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Author Topic: Why do liquids solidify and make ice?  (Read 2059 times)

Malibongwe Nqanqase

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Why do liquids solidify and make ice?
« on: 07/02/2009 10:30:01 »
Malibongwe Nqanqase  asked the Naked Scientists:
   
Hi Chris,

Why do liquids solidify to make, for instance in the case of water, ice?

Malibongwe Nqanqase

What do you think?


 

Offline Chemistry4me

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Why do liquids solidify and make ice?
« Reply #1 on: 07/02/2009 10:40:20 »
Liquids are less ordered than solids, though in water some order remains just above the melting point. There is some free space to move (mean free path = 2 x 10 -10 m) but most of the molecules are touching. Ice, like all crystalline solids, has a high degree of order. The water molecules are held in fixed positions in a regular pattern. The molecules can vibrate, but they cannot move about. All true solids are crystalline.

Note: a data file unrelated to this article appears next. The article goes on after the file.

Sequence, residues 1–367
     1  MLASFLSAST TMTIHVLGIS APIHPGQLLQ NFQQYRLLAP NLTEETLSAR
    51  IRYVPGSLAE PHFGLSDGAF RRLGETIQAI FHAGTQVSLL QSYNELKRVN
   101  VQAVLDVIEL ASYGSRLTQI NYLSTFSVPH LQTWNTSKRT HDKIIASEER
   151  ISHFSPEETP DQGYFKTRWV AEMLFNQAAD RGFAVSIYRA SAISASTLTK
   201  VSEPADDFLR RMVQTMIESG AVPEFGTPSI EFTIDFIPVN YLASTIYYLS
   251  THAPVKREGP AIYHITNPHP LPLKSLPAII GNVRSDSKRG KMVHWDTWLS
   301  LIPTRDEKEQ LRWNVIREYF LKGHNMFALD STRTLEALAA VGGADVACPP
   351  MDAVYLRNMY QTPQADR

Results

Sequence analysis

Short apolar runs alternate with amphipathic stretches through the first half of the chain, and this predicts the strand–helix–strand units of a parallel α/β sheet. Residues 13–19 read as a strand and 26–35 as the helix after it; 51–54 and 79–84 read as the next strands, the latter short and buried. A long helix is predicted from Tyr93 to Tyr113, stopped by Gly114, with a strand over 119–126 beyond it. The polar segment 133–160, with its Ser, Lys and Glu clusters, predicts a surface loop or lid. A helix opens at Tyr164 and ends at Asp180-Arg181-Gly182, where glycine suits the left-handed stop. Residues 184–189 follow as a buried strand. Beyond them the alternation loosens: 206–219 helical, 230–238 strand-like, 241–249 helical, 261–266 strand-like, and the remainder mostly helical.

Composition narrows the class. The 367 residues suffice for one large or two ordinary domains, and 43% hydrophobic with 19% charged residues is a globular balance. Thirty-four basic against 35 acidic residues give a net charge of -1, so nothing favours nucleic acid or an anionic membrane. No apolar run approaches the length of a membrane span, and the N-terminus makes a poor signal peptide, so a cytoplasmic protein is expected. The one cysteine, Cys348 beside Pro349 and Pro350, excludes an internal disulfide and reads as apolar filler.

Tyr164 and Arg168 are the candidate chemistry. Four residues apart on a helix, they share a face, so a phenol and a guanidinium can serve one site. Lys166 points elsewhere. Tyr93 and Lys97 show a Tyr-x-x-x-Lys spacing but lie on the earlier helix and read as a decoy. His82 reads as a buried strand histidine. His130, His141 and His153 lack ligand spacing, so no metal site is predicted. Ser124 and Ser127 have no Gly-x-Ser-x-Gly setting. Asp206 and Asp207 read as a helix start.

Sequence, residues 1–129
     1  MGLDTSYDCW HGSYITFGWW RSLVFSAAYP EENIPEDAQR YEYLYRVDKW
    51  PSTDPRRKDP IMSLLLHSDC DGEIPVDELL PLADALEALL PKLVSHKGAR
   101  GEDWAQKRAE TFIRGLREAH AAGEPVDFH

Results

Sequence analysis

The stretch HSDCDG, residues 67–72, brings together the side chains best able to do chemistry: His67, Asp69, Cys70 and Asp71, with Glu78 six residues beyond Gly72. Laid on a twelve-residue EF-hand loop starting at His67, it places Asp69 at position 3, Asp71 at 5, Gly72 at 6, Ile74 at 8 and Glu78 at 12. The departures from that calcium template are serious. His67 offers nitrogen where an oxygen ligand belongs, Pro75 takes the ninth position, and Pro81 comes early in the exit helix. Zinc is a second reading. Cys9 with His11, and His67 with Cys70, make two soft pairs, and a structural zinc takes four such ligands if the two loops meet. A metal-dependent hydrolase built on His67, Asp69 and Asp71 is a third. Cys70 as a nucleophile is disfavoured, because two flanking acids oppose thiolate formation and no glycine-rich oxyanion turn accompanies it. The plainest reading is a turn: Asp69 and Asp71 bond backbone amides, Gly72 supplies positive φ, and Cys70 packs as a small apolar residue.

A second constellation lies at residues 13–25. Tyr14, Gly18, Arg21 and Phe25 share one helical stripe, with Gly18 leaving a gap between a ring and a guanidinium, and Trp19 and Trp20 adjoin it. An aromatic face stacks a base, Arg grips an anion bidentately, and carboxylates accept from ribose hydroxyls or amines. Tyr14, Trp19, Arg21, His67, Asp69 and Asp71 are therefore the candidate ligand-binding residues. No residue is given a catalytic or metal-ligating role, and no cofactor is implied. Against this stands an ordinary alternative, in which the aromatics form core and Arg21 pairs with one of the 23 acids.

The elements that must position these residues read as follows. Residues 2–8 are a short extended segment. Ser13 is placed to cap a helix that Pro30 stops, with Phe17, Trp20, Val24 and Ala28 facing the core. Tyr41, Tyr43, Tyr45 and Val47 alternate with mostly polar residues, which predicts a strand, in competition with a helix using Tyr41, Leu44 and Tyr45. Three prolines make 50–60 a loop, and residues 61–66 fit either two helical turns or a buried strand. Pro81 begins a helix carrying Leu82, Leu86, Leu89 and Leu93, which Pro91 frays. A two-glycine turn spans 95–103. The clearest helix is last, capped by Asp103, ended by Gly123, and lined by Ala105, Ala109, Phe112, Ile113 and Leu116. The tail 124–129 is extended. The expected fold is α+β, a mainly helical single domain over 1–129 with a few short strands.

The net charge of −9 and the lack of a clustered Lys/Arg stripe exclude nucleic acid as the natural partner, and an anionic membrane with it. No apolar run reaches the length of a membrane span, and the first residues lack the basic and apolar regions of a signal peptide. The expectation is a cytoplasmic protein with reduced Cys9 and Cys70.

Offline Chemistry4me

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Why do liquids solidify and make ice?
« Reply #2 on: 07/02/2009 10:44:42 »
In terms of the kenetic theory, the particles in a crystal are seen as able to vibrate about their positions but, in general, unable to move away from them. However, in liquids, there is always a chance that some particles in/on the surface will have sufficient energy to escape-and to exert a vapour pressure.
 

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Why do liquids solidify and make ice?
« Reply #2 on: 07/02/2009 10:44:42 »

 

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